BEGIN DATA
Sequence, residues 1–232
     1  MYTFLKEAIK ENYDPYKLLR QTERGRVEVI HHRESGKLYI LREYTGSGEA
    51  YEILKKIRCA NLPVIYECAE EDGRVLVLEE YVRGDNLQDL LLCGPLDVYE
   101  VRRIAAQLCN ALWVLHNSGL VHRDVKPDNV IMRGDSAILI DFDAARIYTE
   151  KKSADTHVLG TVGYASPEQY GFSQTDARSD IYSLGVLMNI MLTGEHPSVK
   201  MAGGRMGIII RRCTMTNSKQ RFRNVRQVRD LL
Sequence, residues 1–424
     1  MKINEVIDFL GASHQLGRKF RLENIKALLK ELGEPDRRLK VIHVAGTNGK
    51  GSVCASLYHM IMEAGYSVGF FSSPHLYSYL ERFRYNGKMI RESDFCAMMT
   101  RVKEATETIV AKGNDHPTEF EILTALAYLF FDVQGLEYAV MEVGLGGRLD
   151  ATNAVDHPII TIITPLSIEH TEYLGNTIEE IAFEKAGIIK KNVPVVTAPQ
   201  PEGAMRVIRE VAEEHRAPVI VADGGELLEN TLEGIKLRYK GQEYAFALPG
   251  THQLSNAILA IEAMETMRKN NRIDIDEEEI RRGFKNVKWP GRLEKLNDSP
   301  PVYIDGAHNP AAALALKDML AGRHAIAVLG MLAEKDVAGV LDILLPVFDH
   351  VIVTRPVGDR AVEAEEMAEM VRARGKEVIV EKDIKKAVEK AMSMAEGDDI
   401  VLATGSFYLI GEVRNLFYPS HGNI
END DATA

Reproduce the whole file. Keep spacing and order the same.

Sequence, residues 1–232
     1  MYTFLKEAIK ENYDPYKLLR QTERGRVEVI HHRESGKLYI LREYTGSGEA
    51  YEILKKIRCA NLPVIYECAE EDGRVLVLEE YVRGDNLQDL LLCGPLDVYE
   101  VRRIAAQLCN ALWVLHNSGL VHRDVKPDNV IMRGDSAILI DFDAARIYTE
   151  KKSADTHVLG TVGYASPEQY GFSQTDARSD IYSLGVLMNI MLTGEHPSVK
   201  MAGGRMGIII RRCTMTNSKQ RFRNVRQVRD LL
Sequence, residues 1–424
     1  MKINEVIDFL GASHQLGRKF RLENIKALLK ELGEPDRRLK VIHVAGTNGK
    51  GSVCASLYHM IMEAGYSVGF FSSPHLYSYL ERFRYNGKMI RESDFCAMMT
   101  RVKEATETIV AKGNDHPTEF EILTALAYLF FDVQGLEYAV MEVGLGGRLD
   151  ATNAVDHPII TIITPLSIEH TEYLGNTIEE IAFEKAGIIK KNVPVVTAPQ
   201  PEGAMRVIRE VAEEHRAPVI VADGGELLEN TLEGIKLRYK GQEYAFALPG
   251  THQLSNAILA IEAMETMRKN NRIDIDEEEI RRGFKNVKWP GRLEKLNDSP
   301  PVYIDGAHNP AAALALKDML AGRHAIAVLG MLAEKDVAGV LDILLPVFDH
   351  VIVTRPVGDR AVEAEEMAEM VRARGKEVIV EKDIKKAVEK AMSMAEGDDI
   401  VLATGSFYLI GEVRNLFYPS HGNI